Veterans are without peer in the value and integrity they offer a company, and offer diverse marketable skill sets which can allow them to focus on one project or multitask. Veterans offer flexibility with set standards.Unfortunately, these skills are often misunderstood; progressive companies, like People Scout, hire Military Recruiters to translate them.
My personal experience with transition was attending a three-day transition program designed to shift emphasis to the corporate world. underscoring the importance of selecting a career, then structuring the résumé-writing process. I arrived home to Indiana and found employment at a steel fabrication facility as a 3rd shift maintenance technician.I worked long hours, worked my way to 1st shift, and then into management. Although the job was rewarding, I was still searching for direction. The company I worked for decided to step up their military hiring initiative. The idea was to grow a robust position within the company as a Military Recruiter.
I was living my dream, my family was growing and I was an integral part of what I thought was a growing successful company. Two weeks before my twins were born I received a call that my position was eliminated after 12 months with the company. I was now forced to relocate my family -- risky, but acceptable.
I wanted to get back to Military Recruiting. I searched for opportunities of increased responsibility as a recruiter. My prior company touted itself as "veteran-friendly," but lacked the intellectual understanding of how to incorporate veterans' added value. Simply, they did not understand the investment and its return, but understood the arrogance of placing false proclamations over substance.
People Scout, a company that recognizes the importance of understanding how to place veterans, came to the rescue. I am now the Senior Military Recruiter.
My challenge: translate veterans' skills into value-added traits the corporate world embraces. Companies that successfully hire veterans are the companies that reach out at military events and job fairs, and Military Recruiters. Successful companies create their own path through sound genuine internal processes. My hope is more companies will dedicate time and resources to this humanized approach.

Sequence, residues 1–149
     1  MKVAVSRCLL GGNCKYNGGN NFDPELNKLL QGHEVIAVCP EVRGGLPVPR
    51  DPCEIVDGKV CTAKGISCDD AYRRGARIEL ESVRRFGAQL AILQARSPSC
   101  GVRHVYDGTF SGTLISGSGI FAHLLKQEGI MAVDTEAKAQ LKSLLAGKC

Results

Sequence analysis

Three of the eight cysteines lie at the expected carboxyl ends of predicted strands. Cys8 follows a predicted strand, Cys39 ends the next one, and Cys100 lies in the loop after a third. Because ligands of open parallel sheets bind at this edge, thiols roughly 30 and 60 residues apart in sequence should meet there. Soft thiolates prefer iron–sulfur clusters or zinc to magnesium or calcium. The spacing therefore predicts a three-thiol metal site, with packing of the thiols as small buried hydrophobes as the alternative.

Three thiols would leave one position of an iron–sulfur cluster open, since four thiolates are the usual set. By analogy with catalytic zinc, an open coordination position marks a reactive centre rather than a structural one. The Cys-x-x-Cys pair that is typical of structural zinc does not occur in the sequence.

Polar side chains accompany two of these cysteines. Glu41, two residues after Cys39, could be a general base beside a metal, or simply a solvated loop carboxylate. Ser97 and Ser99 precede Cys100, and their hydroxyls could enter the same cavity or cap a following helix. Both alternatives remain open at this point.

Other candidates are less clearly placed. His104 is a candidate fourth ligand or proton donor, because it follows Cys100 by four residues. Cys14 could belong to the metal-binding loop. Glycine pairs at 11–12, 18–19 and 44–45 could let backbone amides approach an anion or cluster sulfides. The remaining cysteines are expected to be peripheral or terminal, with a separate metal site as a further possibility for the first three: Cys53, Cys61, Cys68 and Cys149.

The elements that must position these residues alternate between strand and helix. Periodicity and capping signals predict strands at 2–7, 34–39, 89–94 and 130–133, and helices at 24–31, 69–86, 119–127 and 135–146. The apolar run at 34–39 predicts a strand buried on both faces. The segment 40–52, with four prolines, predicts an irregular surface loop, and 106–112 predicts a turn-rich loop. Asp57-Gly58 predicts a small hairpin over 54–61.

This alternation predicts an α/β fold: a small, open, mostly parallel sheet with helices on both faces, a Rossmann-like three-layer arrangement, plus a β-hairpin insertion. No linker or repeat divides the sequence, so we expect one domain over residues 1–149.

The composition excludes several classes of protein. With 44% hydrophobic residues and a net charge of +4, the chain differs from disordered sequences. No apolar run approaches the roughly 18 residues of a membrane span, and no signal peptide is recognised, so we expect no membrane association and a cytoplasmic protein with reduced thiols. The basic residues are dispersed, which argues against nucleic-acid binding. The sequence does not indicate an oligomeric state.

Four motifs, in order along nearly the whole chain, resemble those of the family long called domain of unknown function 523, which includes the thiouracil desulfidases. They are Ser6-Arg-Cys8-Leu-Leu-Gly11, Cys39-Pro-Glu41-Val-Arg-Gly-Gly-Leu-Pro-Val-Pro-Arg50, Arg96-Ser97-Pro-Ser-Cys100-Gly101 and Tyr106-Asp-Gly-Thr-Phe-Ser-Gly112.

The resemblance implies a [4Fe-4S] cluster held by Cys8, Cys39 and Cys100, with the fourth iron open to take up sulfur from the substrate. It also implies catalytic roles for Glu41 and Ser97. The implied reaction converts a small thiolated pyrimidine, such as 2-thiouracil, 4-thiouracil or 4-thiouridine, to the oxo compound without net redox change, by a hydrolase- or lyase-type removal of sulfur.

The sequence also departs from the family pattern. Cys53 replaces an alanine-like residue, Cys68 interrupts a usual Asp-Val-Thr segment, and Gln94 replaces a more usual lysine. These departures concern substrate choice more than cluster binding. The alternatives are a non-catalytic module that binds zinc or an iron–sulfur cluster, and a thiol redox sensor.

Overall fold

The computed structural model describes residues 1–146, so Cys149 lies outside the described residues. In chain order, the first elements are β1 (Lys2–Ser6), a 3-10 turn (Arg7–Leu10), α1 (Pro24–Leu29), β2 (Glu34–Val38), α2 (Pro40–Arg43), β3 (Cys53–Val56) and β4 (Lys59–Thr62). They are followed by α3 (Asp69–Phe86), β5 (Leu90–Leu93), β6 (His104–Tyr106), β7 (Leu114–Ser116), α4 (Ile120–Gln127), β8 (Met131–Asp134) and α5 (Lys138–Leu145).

What is the real issue behind military members exiting the military not connecting with available jobs?
Veterans sell themselves short. They are underpaid and almost become prey for the industry. Government-controlled TAP remains inadequate. Skills do translate to corporate values. Solution: take the guesswork out of transitioning, and use corporate technology to create a focused approach.
I now work for a company that is genuine in its motive to hire veterans. I found to my surprise that many veterans were not proficient in negotiating their compensation. They learn quickly, but in general are behind the power curve, while their civilian counterparts fully understand their worth. In one example, I once had a perfect candidate for a position, but he was not contacted due to his stated salary requirement. I followed up with the candidate and discovered that due to his lack of insight on position pay and geogrpahical area, he had simply "thrown a number out there." Once I had educated him on the range for the position, he was willing decrease his salary request and take advantage of relocation at DOD expense to compensate, and was eventually hired. This is an example of technology driving the process. My point is that military candidates are expected to not only translate their skills and be in the right place at the right time but also play the "pick a number between 1-10" game and get it right.
I am home in Indiana with family and look forward to coming to work every day, providing corporate value while assisting veterans…this is invaluable to me.My goal is to leave this world a little better than when I found it.
Carl Vickers is a contributor to the book An American Crisis: Veteran's Unemployment and is a senior recruiter for People Scout.